List of Governors of California before admission

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This is a list of the Governors of early California, 1769–1850, before its admission as the 31st U.S. state. Founded by Gaspar de Portolá at San Diego and Monterey, the vast country was a sparsely-settled Spanish province for 53 years, until the Mexican War of Independence ended in 1822.

Upon Mexico's independence from Spain, Alta California became a federal territory of Mexico. As time went on, Alta Californians began to resent Mexico's neglect and non-local appointed governors. These feelings led to a short-lived revolution in 1836, which achieved concessions and increased independence from the federal government in faraway Mexico City.[1]

The revolt in November 1836, led by California-born Juan Alvarado and other young Californio leaders in Monterey and other northern settlements, declared independence from Mexico. The Alta Californian Diputación (legislature), however, refused to go that far, leading to a brief and inconclusive civil war.[2] The conflict ended when the central government appointed Alvarado as governor the next year.

In 1846, the "Bear Flag Revolt" in Sonoma declared California an independent republic—the "Bear Flag Republic". No government was established, however, and the revolt didn't have time to spread far from Sonoma. Less than a month later, the Sonoma revolt was subsumed into the American occupation forces led by Capt. John C. Fremont, at the outset of the Mexican-American War. California became a U.S. territory under a military governor after the war, and was admitted as the 31st state on September 9, 1850. Peter Burnett, the last territorial governor, became the first state governor after admission.

For governors of the state after admission in September 1850, see List of Governors of California.

Gaspar de Portolá i Rovira, founder and first governor of California
Pedro Fages
José Castro
Juan Bautista Alvarado
Pío Pico
Peter Hardeman Burnett

Colony and Province, 1769–1822[edit]

Gaspar de Portolá founded the first Spanish settlements in Alta California at San Diego (July 16, 1769), and at Monterey, the first capital (June 3, 1770).

Flag of Spain.svg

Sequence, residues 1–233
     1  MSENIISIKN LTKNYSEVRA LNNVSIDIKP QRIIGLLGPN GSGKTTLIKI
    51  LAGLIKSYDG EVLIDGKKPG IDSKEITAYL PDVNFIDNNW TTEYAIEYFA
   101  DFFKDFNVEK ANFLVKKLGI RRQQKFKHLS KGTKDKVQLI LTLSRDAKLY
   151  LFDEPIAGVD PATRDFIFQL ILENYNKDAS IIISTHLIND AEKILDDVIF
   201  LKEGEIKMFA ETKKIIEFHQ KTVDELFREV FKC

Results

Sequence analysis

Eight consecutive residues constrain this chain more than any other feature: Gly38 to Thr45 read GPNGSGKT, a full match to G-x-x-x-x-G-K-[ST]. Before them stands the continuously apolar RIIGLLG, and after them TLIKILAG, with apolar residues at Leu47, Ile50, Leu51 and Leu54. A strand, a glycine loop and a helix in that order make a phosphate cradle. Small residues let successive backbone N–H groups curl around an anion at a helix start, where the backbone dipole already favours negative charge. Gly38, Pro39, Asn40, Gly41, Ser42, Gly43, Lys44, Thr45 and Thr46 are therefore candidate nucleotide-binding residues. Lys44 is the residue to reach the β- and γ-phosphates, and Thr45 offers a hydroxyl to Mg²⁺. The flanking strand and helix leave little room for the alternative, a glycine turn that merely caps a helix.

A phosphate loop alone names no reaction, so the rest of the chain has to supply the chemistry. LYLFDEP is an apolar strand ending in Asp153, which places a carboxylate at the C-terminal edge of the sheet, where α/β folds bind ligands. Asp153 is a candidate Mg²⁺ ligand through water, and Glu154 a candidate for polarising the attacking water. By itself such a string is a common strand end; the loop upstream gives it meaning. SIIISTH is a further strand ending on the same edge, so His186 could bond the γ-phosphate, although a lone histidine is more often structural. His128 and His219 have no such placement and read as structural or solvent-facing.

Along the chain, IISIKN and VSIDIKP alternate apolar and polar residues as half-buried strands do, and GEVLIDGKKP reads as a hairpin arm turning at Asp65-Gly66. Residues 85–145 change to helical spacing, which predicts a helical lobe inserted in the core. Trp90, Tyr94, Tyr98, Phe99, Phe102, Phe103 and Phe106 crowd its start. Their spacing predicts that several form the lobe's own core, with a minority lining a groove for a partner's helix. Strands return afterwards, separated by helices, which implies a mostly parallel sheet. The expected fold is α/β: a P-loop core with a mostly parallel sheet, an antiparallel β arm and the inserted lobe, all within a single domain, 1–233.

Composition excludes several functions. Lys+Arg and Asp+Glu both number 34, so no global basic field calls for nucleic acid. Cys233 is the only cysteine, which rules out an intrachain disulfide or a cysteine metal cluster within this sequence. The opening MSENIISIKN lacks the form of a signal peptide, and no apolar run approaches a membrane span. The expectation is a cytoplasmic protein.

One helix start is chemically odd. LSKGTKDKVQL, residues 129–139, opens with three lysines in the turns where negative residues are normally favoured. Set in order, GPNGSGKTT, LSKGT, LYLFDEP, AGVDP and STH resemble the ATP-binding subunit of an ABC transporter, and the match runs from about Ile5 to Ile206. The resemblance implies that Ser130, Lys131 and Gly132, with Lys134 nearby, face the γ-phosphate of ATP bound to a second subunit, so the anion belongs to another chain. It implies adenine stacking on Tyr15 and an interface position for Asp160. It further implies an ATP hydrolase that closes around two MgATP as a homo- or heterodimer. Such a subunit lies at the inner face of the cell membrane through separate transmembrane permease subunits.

1. 1769–1770: Gaspar de Portolá
  2. 1770–1774: Pedro Fages
  3. 1774–1777: Fernando Rivera y Moncada
  4. 1777–1782: Felipe de Neve
  5. 1782–1791: Pedro Fages
  6. 1791–1792: José Antonio Roméu
  7. 1792–1794: José Joaquín de Arrillaga (acting)
  8. 1794–1800: Diego de Borica
  9. 1800: Pedro de Alberni (acting)
  10. 1800–1814: José Joaquín de Arrillaga
  11. 1814–1815: José Darío Argüello (acting)
  12. 1815–1822: Pablo Vicente de Solá

Territory, 1822–1836[edit]

Luis Argüello became the first governor under indpendent Mexico (also the first Californio governor) in 1822

Flag of Mexico (1823-1864, 1867-1893).svg
  1. 1822–1825: Luis Antonio Argüello
  2. 1825–1831: José María de Echeandía
  3. 1831–1832: Manuel Victoria
  4. 1832: Pío Pico
  5. 1832–1833 (north): Agustín V. Zamorano
  6. 1832–1833 (south): José María de Echeandía
  7. 1833–1835: José Figueroa
  8. 1835: José Castro (acting)
  9. 1836: Nicolás Gutiérrez (acting)
  10. 1836: Mariano Chico
  11. 1836: Nicolás Gutiérrez (acting)

Limited Sovereignty, 1836–1846[edit]

In 1836-37, the governorship was disputed between the northern coalition of Alvarado and Carlos Carrillo in Los Angeles. Alvarado's faction fashioned its own flag, known as the "California Lone Star".

California Lone Star Flag 1836.svg
Flag of Mexico (1823-1864, 1867-1893).svg
  1. 1836–1842: Juan Bautista Alvarado
    1837–1838: Carlos Antonio Carrillo (rival)
  2. 1842–1845: Brigadier general Manuel Micheltorena
  3. 1845–1846: Pío Pico

U.S. territory, 1846–1850[edit]

Military governors were appointed during this time, until Burnett. On September 9, 1850, California was admitted into the U.S.

1stBearFlag.svg
US Cav 35.svg
  1. 1846: Cdre. John Drake Sloat
  2. 1846–1847: Cdre. Robert F. Stockton
    1846–1847: Gen. José María Flores (rival)
  3. 1847: Gen. Stephen W. Kearny (appointed)
    1847: Col. John C. Fremont (pretended)
  4. 1847–1849: Gen. Richard Barnes Mason
  5. 1849: Gen. Persifor Frazer Smith
  6. 1849: Gen. Bennet C. Riley
  7. 1849–1851: Peter Hardeman Burnett (Burnett, a civilian, held office for a year before California was admitted into the U.S.)

See also[edit]

References[edit]

  1. ^ Hubert Howe Bancroft, History of California. 978-1135657727
  2. ^ Robert R. Miller. Juan Alvarado, Governor of California, 1836–1842. University of Oklahoma Press. 1998